Kate Szumanski | Director of Internships and Professional Development, Office for Undergraduate Students, College of Liberal Arts and Sciences
“Taking risks in my professional life. The mere act of typing such bold action prompts in my mind a series of seemingly unending questions and slightly irrational “what-if” scenarios. Whether I like it or not, this is my default setting, my natural state, yet I have learned through the years to recognize this embarrassing fact, acknowledge my fears, and tell my inner critic to go bother someone else.
Risk-taking involves bold leaps and entry into the unknown. What immediately creeps into my thinking is the “what could go wrong?” of it all, not the “what could go right?” of it. What if I lose the good things that I already have? What if this is a poor move? What if I regret this step?
What I fail to recognize is all the good that could come. What if this shift allows me to grow and develop new skills? What if this role comes with more opportunities to learn? What if this move allows me to deepen my impact and more meaningfully contribute and help others?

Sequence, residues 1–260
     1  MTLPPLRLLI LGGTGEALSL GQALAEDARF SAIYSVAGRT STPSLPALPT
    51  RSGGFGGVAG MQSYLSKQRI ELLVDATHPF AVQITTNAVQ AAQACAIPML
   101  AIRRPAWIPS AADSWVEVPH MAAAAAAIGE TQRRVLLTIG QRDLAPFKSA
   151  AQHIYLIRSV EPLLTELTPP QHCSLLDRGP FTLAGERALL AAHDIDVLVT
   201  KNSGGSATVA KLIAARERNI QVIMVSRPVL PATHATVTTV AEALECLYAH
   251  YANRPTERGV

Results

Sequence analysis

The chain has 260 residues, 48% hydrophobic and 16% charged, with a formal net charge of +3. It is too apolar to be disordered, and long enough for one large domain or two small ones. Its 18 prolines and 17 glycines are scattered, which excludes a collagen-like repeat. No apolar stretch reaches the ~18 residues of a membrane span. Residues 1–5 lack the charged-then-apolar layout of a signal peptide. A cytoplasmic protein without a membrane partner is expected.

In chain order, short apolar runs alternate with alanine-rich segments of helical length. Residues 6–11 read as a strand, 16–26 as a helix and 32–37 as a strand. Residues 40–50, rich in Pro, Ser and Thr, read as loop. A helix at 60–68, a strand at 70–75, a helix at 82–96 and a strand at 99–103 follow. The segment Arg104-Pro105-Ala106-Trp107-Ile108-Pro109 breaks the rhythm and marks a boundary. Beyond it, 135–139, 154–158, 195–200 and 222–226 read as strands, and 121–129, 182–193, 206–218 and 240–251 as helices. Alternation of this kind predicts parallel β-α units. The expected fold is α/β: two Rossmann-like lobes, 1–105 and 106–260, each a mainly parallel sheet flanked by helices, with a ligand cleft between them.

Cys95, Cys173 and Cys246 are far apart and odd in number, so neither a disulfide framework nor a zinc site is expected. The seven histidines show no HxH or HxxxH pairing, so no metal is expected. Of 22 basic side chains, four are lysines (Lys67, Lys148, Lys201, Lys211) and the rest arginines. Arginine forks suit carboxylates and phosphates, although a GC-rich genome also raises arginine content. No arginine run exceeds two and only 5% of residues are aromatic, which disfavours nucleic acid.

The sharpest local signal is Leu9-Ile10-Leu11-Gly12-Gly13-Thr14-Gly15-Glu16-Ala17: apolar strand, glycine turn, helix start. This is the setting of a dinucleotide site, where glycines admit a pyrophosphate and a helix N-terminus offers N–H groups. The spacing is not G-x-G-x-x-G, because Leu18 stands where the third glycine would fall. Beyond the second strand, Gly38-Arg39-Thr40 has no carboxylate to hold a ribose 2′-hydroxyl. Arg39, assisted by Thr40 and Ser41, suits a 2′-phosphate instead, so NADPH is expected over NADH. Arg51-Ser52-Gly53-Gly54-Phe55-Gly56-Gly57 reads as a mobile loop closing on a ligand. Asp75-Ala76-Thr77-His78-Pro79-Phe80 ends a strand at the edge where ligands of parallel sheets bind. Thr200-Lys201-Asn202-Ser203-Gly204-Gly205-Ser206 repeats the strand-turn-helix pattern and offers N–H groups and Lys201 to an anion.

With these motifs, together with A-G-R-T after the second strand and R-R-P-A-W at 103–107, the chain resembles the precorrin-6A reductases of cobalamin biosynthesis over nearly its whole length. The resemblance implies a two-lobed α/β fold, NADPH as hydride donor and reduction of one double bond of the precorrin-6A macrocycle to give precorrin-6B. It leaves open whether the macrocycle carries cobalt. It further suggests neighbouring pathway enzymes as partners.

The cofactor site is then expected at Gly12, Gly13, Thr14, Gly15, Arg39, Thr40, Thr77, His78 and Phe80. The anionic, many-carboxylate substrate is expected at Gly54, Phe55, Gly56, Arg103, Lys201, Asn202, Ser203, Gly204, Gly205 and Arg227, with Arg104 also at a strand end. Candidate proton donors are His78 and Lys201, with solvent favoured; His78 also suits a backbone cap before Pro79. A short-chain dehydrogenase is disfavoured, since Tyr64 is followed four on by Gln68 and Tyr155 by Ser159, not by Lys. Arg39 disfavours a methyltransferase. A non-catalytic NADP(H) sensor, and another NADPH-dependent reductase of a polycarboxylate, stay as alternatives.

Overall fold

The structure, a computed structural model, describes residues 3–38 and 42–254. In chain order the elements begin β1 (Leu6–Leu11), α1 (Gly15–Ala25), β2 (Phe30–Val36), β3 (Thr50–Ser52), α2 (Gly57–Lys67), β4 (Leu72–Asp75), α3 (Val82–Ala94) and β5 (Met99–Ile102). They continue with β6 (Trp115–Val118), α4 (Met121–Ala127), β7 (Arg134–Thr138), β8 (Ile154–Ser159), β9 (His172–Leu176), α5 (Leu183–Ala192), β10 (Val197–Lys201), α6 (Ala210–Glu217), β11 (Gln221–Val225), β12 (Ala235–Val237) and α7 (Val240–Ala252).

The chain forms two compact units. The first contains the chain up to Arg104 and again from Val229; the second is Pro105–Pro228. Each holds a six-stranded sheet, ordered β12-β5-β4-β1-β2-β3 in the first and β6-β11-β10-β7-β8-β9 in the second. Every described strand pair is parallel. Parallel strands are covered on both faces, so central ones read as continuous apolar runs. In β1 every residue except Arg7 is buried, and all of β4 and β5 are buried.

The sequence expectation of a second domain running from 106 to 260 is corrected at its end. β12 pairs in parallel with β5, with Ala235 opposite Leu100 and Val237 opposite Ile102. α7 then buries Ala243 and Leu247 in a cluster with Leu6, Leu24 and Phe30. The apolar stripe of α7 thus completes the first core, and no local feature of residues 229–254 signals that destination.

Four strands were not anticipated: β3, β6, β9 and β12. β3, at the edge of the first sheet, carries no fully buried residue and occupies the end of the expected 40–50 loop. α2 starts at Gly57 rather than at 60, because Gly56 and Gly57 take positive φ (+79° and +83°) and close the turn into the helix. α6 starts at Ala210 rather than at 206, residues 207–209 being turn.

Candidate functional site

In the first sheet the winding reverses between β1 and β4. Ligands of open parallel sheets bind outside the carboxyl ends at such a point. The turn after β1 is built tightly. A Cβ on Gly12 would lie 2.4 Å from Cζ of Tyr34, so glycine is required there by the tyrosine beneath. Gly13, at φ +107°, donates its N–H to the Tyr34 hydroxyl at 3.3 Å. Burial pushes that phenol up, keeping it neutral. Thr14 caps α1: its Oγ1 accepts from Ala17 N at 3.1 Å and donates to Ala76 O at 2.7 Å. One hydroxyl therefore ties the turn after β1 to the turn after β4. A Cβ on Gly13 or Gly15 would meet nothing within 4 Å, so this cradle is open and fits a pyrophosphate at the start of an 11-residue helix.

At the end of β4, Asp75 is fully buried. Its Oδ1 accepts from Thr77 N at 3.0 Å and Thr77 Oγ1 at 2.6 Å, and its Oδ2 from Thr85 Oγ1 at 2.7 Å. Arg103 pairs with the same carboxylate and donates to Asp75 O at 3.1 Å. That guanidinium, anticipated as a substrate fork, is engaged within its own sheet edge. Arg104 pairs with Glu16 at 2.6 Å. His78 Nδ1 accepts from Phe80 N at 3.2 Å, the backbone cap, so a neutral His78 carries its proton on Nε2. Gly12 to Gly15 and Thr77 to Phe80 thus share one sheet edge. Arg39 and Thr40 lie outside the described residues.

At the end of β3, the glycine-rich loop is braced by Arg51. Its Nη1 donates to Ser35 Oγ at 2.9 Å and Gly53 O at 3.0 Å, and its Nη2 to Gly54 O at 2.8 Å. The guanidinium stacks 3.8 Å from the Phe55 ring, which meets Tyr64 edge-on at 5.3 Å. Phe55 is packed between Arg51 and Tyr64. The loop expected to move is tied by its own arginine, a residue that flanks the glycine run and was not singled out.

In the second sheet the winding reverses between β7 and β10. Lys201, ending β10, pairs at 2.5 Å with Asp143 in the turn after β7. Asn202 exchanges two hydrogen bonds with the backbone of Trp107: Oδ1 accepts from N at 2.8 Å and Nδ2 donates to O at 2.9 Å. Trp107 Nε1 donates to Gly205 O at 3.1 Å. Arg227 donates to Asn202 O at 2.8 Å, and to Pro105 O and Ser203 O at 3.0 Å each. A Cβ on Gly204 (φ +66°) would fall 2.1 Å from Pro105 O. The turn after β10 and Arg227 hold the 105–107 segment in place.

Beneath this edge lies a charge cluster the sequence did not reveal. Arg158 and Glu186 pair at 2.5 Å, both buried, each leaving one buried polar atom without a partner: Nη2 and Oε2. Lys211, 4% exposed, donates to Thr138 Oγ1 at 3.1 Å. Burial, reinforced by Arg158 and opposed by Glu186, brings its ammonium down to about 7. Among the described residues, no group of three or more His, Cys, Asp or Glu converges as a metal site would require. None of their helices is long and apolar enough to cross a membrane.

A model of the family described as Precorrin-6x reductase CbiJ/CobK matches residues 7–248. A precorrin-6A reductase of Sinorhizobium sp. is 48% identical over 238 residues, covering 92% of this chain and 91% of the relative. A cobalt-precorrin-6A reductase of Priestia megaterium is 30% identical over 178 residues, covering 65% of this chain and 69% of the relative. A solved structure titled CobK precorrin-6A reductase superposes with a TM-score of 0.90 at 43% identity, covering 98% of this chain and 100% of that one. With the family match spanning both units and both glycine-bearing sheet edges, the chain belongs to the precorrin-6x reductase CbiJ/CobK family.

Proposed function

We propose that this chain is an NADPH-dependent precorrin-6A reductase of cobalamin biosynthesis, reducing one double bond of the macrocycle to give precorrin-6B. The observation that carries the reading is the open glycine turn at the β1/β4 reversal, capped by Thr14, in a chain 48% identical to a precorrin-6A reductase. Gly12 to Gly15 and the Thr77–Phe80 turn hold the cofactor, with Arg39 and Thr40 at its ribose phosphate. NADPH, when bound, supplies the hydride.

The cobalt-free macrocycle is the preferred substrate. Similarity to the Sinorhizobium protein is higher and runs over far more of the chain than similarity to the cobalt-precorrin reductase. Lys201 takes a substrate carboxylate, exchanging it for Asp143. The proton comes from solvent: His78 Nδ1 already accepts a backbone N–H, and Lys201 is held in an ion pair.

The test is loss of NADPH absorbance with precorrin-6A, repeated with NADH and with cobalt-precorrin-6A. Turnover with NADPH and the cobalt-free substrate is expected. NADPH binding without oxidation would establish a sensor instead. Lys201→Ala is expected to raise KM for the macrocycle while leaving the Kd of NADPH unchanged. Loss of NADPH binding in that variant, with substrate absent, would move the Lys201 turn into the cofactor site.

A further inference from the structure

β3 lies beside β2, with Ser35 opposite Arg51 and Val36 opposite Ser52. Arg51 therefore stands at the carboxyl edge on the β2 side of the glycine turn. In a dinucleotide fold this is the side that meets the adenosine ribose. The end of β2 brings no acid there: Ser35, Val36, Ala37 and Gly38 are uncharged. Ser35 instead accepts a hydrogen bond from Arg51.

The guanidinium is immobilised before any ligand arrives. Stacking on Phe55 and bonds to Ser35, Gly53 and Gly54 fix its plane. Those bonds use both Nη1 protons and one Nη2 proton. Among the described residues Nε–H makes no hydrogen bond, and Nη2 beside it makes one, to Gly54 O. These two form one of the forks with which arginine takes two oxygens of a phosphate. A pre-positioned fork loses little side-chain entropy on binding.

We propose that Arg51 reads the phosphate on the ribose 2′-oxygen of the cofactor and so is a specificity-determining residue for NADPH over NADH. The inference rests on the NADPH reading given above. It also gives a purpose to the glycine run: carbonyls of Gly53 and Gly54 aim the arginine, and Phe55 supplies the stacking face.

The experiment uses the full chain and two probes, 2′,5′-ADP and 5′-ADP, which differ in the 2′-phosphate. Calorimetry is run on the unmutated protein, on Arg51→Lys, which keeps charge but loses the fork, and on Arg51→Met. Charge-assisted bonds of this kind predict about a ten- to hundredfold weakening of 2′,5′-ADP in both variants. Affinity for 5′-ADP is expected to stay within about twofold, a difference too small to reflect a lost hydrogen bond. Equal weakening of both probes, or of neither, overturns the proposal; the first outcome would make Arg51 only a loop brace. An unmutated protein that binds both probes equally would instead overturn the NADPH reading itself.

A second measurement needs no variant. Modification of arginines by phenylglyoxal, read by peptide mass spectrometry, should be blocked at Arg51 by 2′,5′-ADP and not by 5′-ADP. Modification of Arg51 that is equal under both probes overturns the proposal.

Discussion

My resistance/aversion to risk has meant that I limit my own growth and development out of fear of the unknown. It’s taken me a while to understand this about myself, and thankfully, now that I recognize this more clearly, I can work strategically to combat it. I hear that little voice of doubt and uncertainty and can quiet it. My resilience and confidence have grown as a result.
So do I have any regrets? No, I wouldn’t say that I have any regrets. I love where I am. What I do wish I knew “then” that I know “now” is that fear often hampers good decision-making. I understand this now, and I think that this realization allows me to do my job better, with more compassion and empathy for what others might be experiencing as they navigate risk.”